Soi Lek blames Anwar for Yen Yen’s Aussie PR
UPDATED @ 07:04:18 AM 11-07-2012
KUALA LUMPUR, July 10 — Datuk Seri Dr Chua Soi Lek alleged today that Datuk Seri Anwar Ibrahim’s “restrictive” policies while he was education minister had caused many non-Malays to apply for permanent residency in other countries, as Tourism Minister Datuk Seri Dr Ng Yen Yen’s admission that she had residency in Australia in the 1990s continues to draw flak.
Dr Ng, who is MCA vice-president, had admitted yesterday that she was an Australian PR in the 1990s to help her son obtain an education there.
However, records show Anwar was not education minister when Dr Ng applied for her Australian PR status. Tan Sri Sulaiman Daud was the minister between 1991 and 1995. Anwar stepped into the role between 1986 and 1991.
“Because that time when Anwar was the minister of education, he was very restrictive to the non-Bumiputras and a lot of Chinese cannot get into university,” said Dr Chua, the MCA president, today.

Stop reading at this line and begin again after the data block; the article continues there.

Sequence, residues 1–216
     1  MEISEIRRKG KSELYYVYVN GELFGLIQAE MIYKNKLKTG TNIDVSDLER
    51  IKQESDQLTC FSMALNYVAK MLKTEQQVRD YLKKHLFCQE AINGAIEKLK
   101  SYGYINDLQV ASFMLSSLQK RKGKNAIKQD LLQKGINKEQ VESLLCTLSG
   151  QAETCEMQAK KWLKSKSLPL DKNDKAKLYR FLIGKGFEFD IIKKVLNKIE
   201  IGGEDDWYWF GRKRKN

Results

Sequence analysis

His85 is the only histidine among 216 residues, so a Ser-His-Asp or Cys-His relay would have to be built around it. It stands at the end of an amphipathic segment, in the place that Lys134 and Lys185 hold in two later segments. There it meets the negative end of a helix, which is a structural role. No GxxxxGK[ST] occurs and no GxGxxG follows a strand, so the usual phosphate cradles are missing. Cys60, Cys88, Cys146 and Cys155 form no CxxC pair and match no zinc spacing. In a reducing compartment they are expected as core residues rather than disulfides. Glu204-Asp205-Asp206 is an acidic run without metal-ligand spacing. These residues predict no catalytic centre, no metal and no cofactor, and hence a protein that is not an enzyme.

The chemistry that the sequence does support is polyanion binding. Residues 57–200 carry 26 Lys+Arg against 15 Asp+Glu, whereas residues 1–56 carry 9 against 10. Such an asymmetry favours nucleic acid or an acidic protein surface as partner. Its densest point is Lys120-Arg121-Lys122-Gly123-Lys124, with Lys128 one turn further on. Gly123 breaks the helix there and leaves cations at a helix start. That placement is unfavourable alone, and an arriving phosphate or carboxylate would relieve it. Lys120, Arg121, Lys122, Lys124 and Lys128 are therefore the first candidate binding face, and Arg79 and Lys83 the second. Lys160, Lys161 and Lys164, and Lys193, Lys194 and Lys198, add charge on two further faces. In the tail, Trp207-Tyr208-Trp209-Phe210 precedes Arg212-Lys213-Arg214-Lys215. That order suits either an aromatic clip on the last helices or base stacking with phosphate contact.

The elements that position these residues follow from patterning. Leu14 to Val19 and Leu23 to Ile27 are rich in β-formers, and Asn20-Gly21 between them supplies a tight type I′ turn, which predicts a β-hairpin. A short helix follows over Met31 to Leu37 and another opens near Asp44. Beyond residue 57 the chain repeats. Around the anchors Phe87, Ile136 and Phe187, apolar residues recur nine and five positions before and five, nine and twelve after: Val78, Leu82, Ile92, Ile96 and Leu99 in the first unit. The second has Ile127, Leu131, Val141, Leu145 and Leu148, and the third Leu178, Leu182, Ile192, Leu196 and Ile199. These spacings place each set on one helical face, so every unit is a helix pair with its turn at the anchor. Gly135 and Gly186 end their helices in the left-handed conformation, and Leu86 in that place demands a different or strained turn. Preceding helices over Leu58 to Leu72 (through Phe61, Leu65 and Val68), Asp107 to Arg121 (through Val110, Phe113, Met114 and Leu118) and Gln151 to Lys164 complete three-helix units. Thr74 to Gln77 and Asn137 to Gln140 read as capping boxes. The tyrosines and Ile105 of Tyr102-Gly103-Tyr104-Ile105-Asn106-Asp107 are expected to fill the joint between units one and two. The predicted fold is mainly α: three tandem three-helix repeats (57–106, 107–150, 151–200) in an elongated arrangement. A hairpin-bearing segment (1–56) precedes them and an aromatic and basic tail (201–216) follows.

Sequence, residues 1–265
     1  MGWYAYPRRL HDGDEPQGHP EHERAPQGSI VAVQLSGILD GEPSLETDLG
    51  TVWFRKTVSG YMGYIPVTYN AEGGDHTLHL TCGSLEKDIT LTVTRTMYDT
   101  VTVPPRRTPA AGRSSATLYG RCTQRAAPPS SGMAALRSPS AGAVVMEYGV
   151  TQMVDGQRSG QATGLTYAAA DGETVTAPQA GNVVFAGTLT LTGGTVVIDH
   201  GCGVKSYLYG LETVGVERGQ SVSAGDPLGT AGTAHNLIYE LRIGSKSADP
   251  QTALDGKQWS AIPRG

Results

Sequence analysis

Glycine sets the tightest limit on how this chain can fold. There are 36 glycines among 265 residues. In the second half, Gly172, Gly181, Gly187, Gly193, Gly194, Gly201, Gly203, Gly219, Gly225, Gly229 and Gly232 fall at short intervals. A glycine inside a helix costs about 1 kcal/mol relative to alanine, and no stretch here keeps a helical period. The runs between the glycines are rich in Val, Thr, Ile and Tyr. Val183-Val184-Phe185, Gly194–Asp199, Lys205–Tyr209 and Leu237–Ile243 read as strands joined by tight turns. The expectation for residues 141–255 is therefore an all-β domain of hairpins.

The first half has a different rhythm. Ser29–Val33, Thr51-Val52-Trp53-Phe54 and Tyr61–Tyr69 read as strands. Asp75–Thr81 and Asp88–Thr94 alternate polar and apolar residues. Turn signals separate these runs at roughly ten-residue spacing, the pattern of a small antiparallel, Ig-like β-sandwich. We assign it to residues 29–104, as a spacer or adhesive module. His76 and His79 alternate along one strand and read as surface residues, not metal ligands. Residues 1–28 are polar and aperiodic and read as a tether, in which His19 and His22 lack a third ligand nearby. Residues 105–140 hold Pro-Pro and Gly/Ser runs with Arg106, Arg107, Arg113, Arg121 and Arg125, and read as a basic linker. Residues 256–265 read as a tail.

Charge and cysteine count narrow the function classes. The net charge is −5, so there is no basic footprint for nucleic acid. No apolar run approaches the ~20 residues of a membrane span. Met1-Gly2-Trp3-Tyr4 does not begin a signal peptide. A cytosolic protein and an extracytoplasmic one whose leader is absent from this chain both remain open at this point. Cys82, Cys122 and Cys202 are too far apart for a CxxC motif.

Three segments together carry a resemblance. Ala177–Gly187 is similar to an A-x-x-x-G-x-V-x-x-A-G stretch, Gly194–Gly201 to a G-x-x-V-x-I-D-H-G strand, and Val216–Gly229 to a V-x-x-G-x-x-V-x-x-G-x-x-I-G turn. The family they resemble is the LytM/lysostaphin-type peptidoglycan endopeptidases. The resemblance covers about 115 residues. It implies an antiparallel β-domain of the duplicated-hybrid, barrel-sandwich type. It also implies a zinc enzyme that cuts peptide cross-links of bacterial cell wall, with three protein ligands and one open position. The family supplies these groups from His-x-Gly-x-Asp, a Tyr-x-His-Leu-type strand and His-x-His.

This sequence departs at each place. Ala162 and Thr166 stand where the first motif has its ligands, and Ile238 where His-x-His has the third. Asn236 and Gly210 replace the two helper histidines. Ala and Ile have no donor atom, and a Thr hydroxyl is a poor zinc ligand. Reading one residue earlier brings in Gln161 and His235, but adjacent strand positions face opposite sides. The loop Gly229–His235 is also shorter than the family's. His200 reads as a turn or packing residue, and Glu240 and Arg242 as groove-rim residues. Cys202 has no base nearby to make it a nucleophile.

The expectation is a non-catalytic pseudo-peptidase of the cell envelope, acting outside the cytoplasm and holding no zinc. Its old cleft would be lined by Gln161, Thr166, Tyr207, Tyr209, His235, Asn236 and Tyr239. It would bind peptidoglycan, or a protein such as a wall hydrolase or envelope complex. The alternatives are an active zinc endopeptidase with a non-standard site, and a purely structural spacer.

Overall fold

“In this country, there are a lot of people who apply for PR for the sake of their children’s education.”
Dr Chua did not outline what were the restrictive policies, nor did he comment about MCA’s role as part of the federal government at the time.
He was responding to questions on whether Dr Ng had informed the party’s leadership of her Australian permanent resident status while she was still a Senator.
“What is past is past. She has already said very clearly, it’s for the sake of education,” said Dr Chua.
Dr Ng told reporters she had applied for Australian residency in the 1990s but gave it up in 1995 after her son had completed his studies there.
The Barisan Nasional (BN) federal government, with MCA as a component party, has been responsible for executing policies that impose a race quota on university admissions under Article 153 of the Federal Constitution, giving Bumiputeras the biggest share of public university admissions.
Responding to complaints that there were not enough universities to cater to growing demand, the administration of Tun Dr Mahathir Mohamad began liberalising education policies in the 1990s to allow the establishment of more private and public institutions.